GLADSTONE'S poorly designed roads are unsafe and a risk to cyclists, according to Safe Cycling Australia.
Group director David Sharp, who worked as a truck driver in Gladstone for two weeks this year, said problems on the roads stemmed from aggressive motorists and poor cycling infrastructure.
Mr Sharp's claims come as Minister for Transport and Main Roads Scott Emerson convinced a parliamentary committee on Friday to conduct a review into bicycle laws across Queensland.
If the recommendations are considered, motorists and cyclists will require a 1m minimum overtaking gap between each other.
While Mr Sharp was happy to see progress on the decision, he said 1m was too close and called for the State Government to legislate on a 1.5m space instead.
"The current legislation states that a safe gap is up to the discretion of the driver," Mr Sharp said.
Since April Gladstone recreational and competitive cyclists have been lobbying the Gladstone Regional Council for more connecting cycling paths, visible line markings and signage across the region.
Cyclists are also calling for the regular sweeping of popular cycling routes to remove debris and rocks.
Councillor Rick Hansen said council was planning to install specialised signage for cyclists along Kirkwood Rd, Blain Dr and Calliope River Rd.
Cr Hansen said it was difficult to determine when other infrastructure could be upgraded without funding from the State Government.
While the council regularly liaises with State Government representatives through the Traffic Environment and Action Committee, Cr Hansen said council hadn't made any submissions for grants to improve infrastructure.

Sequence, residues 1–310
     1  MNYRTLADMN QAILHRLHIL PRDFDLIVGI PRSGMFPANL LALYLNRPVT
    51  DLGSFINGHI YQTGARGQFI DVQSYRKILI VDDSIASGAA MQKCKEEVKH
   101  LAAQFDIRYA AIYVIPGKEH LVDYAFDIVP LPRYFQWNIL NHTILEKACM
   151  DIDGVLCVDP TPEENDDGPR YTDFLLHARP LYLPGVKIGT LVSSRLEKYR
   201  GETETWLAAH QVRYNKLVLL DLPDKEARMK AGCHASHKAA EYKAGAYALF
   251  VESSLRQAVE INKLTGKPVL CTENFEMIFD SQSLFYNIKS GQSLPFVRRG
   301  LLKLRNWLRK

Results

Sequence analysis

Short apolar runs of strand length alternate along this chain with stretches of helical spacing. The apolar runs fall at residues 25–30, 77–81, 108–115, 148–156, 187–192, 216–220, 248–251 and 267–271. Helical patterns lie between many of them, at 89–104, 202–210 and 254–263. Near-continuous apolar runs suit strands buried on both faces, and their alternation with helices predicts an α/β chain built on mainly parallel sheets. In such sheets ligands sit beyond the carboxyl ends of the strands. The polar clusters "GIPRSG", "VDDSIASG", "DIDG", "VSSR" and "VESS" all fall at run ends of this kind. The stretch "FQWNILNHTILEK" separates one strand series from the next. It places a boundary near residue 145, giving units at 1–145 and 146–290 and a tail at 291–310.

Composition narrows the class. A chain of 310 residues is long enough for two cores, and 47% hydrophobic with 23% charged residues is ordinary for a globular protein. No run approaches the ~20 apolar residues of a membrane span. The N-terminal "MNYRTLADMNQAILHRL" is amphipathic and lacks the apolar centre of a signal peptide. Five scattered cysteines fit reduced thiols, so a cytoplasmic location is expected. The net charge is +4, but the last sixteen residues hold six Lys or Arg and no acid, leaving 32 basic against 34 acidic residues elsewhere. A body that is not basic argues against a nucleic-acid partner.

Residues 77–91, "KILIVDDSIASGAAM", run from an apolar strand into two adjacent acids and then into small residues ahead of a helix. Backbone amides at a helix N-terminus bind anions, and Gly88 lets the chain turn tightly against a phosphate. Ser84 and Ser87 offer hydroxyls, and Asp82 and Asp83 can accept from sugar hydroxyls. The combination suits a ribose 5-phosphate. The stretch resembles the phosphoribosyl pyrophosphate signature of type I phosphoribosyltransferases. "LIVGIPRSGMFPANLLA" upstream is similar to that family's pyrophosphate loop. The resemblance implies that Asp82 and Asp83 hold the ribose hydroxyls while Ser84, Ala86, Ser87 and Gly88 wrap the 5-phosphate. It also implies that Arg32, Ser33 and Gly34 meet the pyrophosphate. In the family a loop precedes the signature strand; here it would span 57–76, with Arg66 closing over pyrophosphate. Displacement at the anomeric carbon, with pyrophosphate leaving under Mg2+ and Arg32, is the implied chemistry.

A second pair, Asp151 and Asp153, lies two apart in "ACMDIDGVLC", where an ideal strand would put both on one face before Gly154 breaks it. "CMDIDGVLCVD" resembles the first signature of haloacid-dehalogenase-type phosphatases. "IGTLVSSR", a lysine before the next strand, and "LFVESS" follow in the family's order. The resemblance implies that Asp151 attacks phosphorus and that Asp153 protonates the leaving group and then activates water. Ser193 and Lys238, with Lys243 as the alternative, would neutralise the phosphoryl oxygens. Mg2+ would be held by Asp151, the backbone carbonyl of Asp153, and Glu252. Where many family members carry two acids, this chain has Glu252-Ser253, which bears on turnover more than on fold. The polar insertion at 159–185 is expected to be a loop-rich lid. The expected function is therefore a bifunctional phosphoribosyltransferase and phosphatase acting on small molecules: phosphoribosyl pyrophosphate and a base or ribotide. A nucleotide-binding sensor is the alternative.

The call for safer infrastructure comes as two cyclists narrowly avoided injury on their bicycles on Kirkwood Rd last weekend.
A traffic counter cable was found tied up along a post on either side of the road, causing the cyclists to jump over the 40cm gap.
Transport and Main Roads Minister Scott Emerson said Parliament's Transport, Housing and Local Government committee would conduct the review into bicycle safety.
"There has been a lot of focus recently on bike safety and I've listened to that feedback and decided to take a closer look at the evidence and laws," Mr Emerson said.
"My personal view is that cyclists and drivers should be considerate of each other and ensure they are travelling safely at all times.
"However, I'm aware there is the potential for animosity between motorists and cyclists, which can lead to dangerous behaviour by both."
Cyclist has had a few near-misses riding around Gladstone
AVID recreational cyclist Karlene Laing is concerned about problems with Gladstone's bicycle network.
"There are limited shoulders and that causes us to ride on the road," Karlene said.
Karlene said there were also problems with connecting bike paths, designated bike lanes, gravel on the roads and specialised signage.
She has been pedalling on the back streets of Gladstone for about eight months. In that time she has had a few near misses on her bike.
"Initially it was really scary, but most of the time we choose to ride in the early hours of the morning to avoid traffic," she said.
I'm aware there is the potential for animosity between motorists and cyclists, which can lead to dangerous behaviour by both
Fellow group cyclist Mick Newell said he would continue to lobby council until something was done.
"After three years of consulting with council, they have not provided an ounce of funding," Mr Newell said.
"We just want to improve awareness for cyclists in the area."
Mr Sharp said Gladstone was poorly designed to accommodate drivers and cyclists on roads in the city.
"Some roads in Gladstone don't even have dirt on the side of the road, which isn't good," he said.
"What are you supposed to do if you need to pull over?"
Mr Sharp said if Gladstone had better infrastructure, cyclists would use the roads more often.
"If you build it people will come along," he said.